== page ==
- If your partner does give birth to a baby, get involved in the process. Be ready to go as far as catching that baby yourself as she pushes it out of her birth canal.
- Take paternity leave if it is available to you. One of the main reasons that women are disadvantaged in the workforce is that they are given an unequal burden of childcare responsibilities. You can read more about that in another article I wrote here.
- Make sure that you and your partner share an equal burden of the child care beyond the paternity/maternity leave period too. There is a reason why the saying “it’s not babysitting if it’s your own kids” exists.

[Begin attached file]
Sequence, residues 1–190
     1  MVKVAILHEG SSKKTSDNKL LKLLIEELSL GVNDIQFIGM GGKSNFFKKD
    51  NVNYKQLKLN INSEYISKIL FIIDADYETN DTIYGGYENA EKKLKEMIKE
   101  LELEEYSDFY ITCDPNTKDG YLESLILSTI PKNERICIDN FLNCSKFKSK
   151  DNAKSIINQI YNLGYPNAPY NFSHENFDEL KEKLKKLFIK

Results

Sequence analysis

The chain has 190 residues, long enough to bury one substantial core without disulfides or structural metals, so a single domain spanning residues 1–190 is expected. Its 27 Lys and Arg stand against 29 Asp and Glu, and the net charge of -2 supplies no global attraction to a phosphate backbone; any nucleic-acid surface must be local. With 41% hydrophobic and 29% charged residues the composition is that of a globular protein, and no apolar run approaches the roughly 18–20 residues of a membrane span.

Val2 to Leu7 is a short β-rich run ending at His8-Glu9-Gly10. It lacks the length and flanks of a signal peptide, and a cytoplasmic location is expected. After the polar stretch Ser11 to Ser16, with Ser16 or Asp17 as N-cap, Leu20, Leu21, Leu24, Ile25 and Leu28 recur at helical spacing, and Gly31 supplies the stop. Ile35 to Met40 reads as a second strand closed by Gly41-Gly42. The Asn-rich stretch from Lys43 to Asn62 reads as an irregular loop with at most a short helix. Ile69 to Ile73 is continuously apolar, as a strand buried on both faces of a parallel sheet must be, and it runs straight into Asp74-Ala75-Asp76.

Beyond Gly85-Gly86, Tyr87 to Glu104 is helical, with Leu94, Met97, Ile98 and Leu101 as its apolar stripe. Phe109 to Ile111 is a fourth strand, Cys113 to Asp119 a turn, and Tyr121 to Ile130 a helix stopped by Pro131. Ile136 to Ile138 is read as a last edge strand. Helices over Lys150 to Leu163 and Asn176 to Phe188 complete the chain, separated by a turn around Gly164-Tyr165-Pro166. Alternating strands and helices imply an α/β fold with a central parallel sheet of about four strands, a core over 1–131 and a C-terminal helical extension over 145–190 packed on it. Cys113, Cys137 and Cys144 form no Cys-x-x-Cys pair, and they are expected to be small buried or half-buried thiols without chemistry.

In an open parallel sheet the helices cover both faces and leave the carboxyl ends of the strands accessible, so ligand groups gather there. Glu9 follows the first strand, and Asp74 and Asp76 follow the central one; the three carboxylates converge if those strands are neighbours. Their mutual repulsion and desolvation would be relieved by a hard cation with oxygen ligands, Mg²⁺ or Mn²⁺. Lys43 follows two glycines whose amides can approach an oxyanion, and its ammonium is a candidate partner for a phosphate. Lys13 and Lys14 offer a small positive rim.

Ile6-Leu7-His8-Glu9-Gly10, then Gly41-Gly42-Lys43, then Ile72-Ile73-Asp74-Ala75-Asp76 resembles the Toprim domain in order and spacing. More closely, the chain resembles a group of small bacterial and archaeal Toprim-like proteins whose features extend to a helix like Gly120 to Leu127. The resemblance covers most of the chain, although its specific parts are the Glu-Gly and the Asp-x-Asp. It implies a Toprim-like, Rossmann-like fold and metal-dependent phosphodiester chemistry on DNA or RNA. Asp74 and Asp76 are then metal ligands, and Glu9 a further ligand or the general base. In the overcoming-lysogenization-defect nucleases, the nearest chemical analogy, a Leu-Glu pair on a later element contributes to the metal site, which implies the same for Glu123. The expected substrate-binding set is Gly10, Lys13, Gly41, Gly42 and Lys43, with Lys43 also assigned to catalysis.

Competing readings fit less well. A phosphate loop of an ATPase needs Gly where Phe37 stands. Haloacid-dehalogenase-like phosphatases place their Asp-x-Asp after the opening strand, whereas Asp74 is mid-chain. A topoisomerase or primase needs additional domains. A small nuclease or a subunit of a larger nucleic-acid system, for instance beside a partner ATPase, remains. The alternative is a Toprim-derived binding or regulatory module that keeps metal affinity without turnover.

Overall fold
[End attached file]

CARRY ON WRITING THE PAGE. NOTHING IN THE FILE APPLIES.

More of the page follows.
- Pay attention to whether she’s doing more of the household tasks than you. In Canada, on average a woman performs 54 more minutes of housework than her partner. Every. Single. Day.
- Think about what kind of messages you are telling her about her value. For example, do you compliment her beauty more often or in more significant ways than her intelligence or courage?
- Don’t assume that someone only wants to befriend your partner because they want to sleep with her instead of because she’s smart or she has something important to contribute.
- Don’t slut-shame her. This includes criticizing the pictures that she posts online, the way she dresses, and her sexual history.
So there you have it: twenty positive changes that you can make in your relationship today. What other ways of being a more feminist boyfriend/husband/partner/girlfriend can you think of?